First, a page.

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Captive characters in need of some levity

Hey there, time traveller!
This article was published 27/1/2014 (1298 days ago), so information in it may no longer be current.

Down the Russian road from the country estate where Constantine offered his beloved Nina that dead seagull is Uncle Vanya's decaying family spread.

The inhabitants are no happier there. Everyone feels trapped in this boring backwater, itching to escape their dull lives and desperate to convince someone to return their love. Nothing ever happens, so it's the ideal setting for a play by Anton Chekhov, who never bothered with much plot.

From left, At Home Theatre's John Bluethner, Susanna Portnoy and Brian Richardson present a double bill.


From left, At Home Theatre's John Bluethner, Susanna Portnoy and Brian Richardson present a double bill.

In his 1898 comic drama Uncle Vanya, presented by the Tara Players as part of ChekhovFest, the playwright presents a collection of scenes of rural life and routine actions. Telegin, a goofy neighbour whose station in society has suffered "a dip," is quietly strumming his guitar while Vanya is asleep on the sofa. The company's small stage reflects the household's confinement and captivity. Their resigned status is disturbed by the arrival of visitors who stir up dormant hopes and resentments.

The Tara Players are only semi-successful in stirring strong emotion from the adaptation by Brian Friel, the Irish playwright who found that his countrymen have much in common with the Russian soul.

Director Ray Cloutier has not yet found the right Chekhovian balance between the tragic and the comic, allowing the whinging to overwhelm this 150-minute downer. A bit more biting humour would have been appreciated.

Chekhov's catalysts in Uncle Vanya are the title character's brother-in-law, a pompous professor named Serebryakov, and his beautiful, much younger second wife, Yelena. Her presence has drawn the romantic interest of both Vanya and the virile but self-loathing bachelor Dr. Astrov.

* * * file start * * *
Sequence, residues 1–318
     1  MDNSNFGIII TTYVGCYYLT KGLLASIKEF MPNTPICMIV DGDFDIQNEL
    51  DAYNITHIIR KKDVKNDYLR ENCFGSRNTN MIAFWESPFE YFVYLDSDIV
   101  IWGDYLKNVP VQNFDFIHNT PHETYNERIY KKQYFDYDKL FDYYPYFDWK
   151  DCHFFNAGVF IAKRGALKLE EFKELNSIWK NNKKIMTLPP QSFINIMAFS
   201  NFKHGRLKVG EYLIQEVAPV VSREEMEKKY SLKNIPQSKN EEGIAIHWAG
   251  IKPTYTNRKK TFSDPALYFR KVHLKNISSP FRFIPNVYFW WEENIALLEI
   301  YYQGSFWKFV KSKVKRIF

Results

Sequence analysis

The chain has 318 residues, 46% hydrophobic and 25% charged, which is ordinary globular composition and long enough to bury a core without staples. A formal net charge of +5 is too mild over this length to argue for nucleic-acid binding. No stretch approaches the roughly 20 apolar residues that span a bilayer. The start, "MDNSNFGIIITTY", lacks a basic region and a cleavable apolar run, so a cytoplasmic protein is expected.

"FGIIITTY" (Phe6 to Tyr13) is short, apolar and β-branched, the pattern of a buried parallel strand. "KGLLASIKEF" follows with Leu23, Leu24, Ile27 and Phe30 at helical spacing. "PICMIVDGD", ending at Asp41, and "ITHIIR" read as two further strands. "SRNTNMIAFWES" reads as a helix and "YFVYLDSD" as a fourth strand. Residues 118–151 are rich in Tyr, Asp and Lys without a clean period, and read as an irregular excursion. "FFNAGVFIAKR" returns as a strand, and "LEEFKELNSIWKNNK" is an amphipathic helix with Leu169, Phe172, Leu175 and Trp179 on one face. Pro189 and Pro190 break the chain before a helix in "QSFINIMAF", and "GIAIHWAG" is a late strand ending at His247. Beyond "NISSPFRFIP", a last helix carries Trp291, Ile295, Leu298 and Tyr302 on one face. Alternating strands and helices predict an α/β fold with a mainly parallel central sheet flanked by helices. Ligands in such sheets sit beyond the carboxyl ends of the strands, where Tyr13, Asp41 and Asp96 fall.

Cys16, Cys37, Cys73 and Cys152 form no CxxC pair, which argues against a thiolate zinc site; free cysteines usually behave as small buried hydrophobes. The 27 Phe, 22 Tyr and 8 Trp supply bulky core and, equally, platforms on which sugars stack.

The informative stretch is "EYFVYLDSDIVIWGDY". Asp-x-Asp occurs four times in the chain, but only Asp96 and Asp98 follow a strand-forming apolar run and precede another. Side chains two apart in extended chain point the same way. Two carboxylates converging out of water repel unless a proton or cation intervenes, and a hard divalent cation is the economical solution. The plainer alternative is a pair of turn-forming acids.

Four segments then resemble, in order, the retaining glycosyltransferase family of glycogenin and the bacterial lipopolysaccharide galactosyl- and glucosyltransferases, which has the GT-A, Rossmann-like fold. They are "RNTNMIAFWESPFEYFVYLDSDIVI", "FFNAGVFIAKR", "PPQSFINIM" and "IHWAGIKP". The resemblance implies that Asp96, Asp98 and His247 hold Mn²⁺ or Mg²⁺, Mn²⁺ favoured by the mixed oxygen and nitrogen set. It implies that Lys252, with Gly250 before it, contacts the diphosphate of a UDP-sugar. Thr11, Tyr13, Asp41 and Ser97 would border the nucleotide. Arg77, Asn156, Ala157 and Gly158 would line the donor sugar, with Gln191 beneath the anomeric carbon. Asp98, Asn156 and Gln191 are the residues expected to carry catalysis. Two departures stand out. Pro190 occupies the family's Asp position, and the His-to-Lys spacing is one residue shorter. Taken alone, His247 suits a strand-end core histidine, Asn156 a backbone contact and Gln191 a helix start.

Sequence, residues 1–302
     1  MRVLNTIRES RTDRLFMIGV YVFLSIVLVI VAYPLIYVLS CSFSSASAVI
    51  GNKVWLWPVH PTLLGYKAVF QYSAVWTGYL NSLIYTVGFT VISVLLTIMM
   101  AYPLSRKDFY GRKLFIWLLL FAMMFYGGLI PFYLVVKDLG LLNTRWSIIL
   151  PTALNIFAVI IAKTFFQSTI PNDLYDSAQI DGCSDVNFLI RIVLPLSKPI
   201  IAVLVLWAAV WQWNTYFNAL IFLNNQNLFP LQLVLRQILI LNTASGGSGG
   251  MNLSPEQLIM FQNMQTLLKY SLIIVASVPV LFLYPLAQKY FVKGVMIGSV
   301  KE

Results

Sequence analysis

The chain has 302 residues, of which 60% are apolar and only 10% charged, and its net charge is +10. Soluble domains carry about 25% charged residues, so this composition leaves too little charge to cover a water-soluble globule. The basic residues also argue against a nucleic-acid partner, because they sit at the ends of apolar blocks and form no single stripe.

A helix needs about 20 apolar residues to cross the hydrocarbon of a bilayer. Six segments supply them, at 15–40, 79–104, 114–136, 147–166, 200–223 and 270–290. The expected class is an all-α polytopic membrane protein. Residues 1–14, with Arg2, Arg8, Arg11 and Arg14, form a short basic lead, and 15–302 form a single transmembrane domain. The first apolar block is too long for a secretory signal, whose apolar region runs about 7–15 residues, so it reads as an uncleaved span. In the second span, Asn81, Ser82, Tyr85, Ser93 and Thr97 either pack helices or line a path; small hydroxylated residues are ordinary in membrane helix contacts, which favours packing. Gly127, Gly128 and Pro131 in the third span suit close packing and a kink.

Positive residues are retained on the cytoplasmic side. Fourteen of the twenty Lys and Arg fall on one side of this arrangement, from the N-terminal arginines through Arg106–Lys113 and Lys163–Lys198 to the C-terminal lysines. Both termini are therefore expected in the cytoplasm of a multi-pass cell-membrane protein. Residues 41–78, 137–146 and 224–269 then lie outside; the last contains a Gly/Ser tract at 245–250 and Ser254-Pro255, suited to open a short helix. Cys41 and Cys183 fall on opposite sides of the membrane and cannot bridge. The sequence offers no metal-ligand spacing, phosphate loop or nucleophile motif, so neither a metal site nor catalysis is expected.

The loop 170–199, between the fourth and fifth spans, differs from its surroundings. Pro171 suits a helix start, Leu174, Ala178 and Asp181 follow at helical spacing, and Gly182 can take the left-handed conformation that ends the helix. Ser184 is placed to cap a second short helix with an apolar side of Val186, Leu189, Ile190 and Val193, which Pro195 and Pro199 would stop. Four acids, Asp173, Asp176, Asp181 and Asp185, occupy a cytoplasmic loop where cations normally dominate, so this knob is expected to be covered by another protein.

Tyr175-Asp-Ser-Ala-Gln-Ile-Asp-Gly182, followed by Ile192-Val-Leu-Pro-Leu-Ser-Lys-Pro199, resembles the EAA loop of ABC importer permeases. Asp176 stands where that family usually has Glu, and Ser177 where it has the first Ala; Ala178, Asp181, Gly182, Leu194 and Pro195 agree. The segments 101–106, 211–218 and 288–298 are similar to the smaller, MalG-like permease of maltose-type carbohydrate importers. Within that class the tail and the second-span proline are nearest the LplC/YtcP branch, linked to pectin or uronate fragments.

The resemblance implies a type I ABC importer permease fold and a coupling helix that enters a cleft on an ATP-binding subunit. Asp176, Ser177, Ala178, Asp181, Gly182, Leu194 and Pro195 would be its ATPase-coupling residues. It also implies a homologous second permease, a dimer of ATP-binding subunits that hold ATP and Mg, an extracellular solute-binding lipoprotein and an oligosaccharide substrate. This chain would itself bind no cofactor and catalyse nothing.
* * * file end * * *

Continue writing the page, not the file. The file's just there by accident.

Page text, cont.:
Serebryakov technically owns the estate that Vanya and his young niece Sonya run for his benefit. The announcement that he plans to sell the place from under them and buy a swanky villa triggers a realization that they have wasted their lives supporting this poser.

The acting is not as always crisp as required to allow the play's sense of futility to take hold, but the cast comes together for an affecting finale, as an appalled Vanya realizes he has squandered the best years of his life. Actor Rob Kwade finds all Vanya's anguish after he is dismissed as a non-entity by Serebryakov. He rages that he could have been a Schopenhauer, could have been a Dostoyevsky -- at least a contender.

The troublesome guests leave and not much has changed, other than some terrible self-knowledge to go with the return to drudgery for Vanya and Sonya.

Angela Rajfur's Sonya is portrayed as a capable young woman, which makes her silent pain at being ignored by the object of her desire, Astrov, all the more moving. She beautifully handles the heartbreaking "we must go on living" speech about enduring hope and redemption that ends Uncle Vanya.

Erik Fjeldsted plays Astrov with an assurance that would explain his attractiveness to the opposite sex. Megan Andres communicates Yelena's boredom with being a trophy wife, a role that demands little more than having to look pretty.

Tara Players have fashioned a creditable production that doesn't capture all that Chekhov offers.

-- -- --

This double bill opens with an Inside the Actors Studio-style interview with Olga Knipper, the actress who was the leading lady of both Anton Chekhov's plays and his life.

For festival-goers, the Q&A session is an entertainingly informative way to gain more insight into the man from an inside source. Knipper, elegantly turned out in a black dress and white jacket, remembers that it wasn't love at first sight with the playwright and that their wooing was done mostly through letters, which began stiffly with "Dear Actress" or "Dear Author."

Knipper was present for most of Chekhov's openings and offers an interesting explanation as to why The Seagull was booed so lustily by audience members at its 1896 première.

Brian Richardson possesses the perfect voice for the interviewer but is tentative with the material, causing the pace to slow unnecessarily and making the 60-minute session feel too long. Susanna Portnoy is better at inhabiting Chekhov's "little German," but the piece's charm is reduced by the obvious need for more rehearsing.

The stage livens significantly with the crowd-pleasing one-act comedy The Bear. Portnoy plays Elena Popova, a widow devoted to mourning a husband who often strayed. Her shut-in life is invaded by a loud boor named Smirnov, demanding repayment of his 1,200-ruble debt. She asks him to wait two days, but he needs the cash immediately to pay his bills.

He refuses to leave until he gets his money, triggering a battle of wills. Their mutual loathing soon, of course, sparks a romantic attraction.

John Bluethner easily sells Smirnov's sudden infatuation with Popova and generates plenty of laughs doing it (although the loudest was generated unintentionally by both chairs breaking). Portnoy is his equal as the feisty Popova when the duelling pistols come out. Richardson, as the servant Luka, also joins the fun.

For festival-goers feeling the melancholy of Chekhov's major plays, The Bear serves as a comic tonic.


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